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I'm Jason, a web applications developer in the San Francisco Bay area.

Changing the Default Text Editor

Certain command line utilities drop into an external text editor program to accept certain types of input. For instance, when using the command ‘crontab -e’ to edit your cron table, your default text editor program will be opened up with the current cron table configuration. The same also applies to the Git versioning system when using the interactive rebase mode. This helps the program avoid supporting it’s own text editor, and allows the user to specify their preferred text editor.

To specify the default text editor, simply edit or place the following definition inside of the .bash_profile file in your home directory. This example uses ‘/usr/local/bin/mate -w’ to specify that the Textmate editor be used. You may configure this value to reflect the path for Vim, Nano, or any other text editor you wish to use.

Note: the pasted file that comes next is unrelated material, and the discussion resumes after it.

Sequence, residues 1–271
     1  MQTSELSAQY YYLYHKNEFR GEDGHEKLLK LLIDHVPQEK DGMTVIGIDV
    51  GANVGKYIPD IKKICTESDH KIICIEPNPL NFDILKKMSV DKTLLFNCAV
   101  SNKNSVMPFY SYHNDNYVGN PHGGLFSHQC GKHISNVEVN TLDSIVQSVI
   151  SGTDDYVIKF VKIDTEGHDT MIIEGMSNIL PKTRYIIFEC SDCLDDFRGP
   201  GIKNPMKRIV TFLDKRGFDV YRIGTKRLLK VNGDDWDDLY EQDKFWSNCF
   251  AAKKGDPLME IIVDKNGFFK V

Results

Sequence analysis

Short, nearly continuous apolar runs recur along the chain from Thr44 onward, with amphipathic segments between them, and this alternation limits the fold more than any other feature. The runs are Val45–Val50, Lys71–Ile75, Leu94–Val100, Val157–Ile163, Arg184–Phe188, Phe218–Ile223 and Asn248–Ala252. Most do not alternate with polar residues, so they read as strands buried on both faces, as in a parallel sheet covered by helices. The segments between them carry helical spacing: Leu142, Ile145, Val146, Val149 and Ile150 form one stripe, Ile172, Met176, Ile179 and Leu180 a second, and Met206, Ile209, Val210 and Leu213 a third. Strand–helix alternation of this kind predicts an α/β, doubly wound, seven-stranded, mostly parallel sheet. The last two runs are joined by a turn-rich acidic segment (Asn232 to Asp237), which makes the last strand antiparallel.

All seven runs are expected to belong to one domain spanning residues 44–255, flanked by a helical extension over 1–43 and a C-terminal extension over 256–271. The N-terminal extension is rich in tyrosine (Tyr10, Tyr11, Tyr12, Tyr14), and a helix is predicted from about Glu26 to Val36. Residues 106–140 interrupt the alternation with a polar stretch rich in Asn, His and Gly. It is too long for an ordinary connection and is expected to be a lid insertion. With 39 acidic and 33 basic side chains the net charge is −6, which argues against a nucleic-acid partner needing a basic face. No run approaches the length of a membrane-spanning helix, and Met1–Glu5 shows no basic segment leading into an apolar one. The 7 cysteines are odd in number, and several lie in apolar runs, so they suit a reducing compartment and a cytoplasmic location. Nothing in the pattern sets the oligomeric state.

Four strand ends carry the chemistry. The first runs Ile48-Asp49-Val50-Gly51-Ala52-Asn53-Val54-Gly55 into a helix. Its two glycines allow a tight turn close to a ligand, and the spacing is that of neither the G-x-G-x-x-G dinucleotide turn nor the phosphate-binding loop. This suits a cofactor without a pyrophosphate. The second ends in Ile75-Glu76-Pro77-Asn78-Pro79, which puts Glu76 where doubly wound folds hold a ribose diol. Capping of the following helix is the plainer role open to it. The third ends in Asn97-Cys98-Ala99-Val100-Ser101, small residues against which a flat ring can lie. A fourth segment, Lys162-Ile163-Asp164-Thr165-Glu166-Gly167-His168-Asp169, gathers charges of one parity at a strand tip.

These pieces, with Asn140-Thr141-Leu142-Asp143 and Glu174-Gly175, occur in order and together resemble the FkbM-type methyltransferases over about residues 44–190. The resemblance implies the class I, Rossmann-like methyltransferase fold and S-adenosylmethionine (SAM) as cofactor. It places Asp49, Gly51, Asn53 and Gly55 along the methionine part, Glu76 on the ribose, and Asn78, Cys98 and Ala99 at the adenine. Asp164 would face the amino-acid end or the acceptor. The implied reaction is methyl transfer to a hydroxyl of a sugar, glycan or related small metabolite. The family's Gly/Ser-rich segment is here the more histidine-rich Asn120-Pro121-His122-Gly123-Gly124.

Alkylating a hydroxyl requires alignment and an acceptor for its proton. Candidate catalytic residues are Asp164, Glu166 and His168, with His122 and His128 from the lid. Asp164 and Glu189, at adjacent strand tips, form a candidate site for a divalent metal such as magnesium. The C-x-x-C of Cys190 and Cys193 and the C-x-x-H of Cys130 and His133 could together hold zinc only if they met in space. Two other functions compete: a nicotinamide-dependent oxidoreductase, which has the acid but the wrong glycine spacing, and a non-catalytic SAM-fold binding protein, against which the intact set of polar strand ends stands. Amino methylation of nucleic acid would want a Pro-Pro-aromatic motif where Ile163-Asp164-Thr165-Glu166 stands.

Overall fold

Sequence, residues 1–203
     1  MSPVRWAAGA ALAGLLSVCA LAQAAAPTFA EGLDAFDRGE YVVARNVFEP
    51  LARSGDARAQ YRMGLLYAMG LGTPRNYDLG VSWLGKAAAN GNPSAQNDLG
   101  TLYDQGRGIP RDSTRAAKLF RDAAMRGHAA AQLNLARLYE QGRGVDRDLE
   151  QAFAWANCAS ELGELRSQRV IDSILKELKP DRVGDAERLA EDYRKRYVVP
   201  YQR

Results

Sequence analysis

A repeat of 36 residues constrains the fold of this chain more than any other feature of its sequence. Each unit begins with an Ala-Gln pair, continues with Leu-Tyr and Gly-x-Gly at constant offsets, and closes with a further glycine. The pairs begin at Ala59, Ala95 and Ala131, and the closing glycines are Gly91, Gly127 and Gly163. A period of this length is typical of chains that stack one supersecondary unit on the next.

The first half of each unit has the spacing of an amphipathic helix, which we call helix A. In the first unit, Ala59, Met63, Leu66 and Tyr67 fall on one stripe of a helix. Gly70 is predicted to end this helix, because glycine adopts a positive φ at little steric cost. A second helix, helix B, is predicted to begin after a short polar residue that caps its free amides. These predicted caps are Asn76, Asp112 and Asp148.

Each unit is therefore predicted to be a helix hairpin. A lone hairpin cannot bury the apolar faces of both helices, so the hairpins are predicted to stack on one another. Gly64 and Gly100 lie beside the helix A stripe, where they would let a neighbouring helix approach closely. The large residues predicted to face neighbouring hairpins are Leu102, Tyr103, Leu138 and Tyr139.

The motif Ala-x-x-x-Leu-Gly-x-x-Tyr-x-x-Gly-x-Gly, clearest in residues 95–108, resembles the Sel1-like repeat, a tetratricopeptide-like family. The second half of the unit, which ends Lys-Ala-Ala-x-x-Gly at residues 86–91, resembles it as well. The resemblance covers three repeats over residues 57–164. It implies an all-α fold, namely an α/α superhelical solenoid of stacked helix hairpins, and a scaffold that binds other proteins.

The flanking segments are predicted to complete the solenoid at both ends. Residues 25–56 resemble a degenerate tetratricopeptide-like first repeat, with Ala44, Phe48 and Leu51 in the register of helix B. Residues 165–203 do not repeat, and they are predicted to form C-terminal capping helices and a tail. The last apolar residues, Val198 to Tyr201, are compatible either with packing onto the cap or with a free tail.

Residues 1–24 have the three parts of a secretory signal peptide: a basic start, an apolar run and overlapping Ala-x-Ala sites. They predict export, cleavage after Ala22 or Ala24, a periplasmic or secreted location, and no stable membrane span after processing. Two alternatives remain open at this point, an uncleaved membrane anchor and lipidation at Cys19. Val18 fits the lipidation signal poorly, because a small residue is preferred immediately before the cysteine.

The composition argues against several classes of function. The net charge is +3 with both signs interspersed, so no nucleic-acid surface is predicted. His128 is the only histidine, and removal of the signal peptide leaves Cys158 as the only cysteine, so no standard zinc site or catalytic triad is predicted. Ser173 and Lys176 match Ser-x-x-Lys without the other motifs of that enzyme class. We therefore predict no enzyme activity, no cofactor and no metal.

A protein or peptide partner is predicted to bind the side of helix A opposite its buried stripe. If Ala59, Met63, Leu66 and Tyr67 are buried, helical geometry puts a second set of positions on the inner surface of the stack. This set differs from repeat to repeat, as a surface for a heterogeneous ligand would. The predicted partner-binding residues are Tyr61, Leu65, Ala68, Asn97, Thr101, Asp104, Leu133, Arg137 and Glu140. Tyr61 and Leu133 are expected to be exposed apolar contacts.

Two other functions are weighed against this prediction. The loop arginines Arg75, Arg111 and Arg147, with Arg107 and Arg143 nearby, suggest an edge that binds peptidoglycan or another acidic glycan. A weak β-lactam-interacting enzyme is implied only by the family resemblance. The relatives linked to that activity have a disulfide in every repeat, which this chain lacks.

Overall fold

export EDITOR="/usr/local/bin/mate -w"

It’s also possible to explicitly configure Git to use a specific text editor, thus overriding the default ‘EDITOR’ value specified in the command line environment. This is useful if you only want to change the behaviour of Git, and not affect the rest of your environment.

git config --global core.editor "mate -w"

UPDATE - 03/28/2013:

I recently switched to Sublime 2 text editor. After installing the application I created a symlink like so:

ln -s "/Applications/Sublime Text" /usr/local/bin/subl

After this was completed I added the following to my shell config file (.bash_rc / .zshrc):

# Text Editor
export EDITOR=/usr/local/bin/subl

If you plan on using Sublime with utilities that expect you to save and close the file before the utility continues, you’ll need to configure a subl_wait script as outlined here.

To use Sublime Text with Git during processes like an interactive rebase, configure it as the text editor using this command:

git config --global core.editor "subl -n -w"